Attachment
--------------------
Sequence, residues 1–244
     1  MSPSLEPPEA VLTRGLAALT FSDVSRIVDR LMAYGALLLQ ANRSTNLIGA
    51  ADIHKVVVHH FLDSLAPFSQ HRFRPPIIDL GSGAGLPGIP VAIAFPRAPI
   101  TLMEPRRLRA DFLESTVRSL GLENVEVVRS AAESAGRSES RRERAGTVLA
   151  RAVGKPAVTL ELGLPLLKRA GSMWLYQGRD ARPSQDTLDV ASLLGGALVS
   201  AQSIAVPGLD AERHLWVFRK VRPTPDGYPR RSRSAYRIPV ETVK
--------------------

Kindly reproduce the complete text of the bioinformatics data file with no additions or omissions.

Sequence, residues 1–244
     1  MSPSLEPPEA VLTRGLAALT FSDVSRIVDR LMAYGALLLQ ANRSTNLIGA
    51  ADIHKVVVHH FLDSLAPFSQ HRFRPPIIDL GSGAGLPGIP VAIAFPRAPI
   101  TLMEPRRLRA DFLESTVRSL GLENVEVVRS AAESAGRSES RRERAGTVLA
   151  RAVGKPAVTL ELGLPLLKRA GSMWLYQGRD ARPSQDTLDV ASLLGGALVS
   201  AQSIAVPGLD AERHLWVFRK VRPTPDGYPR RSRSAYRIPV ETVK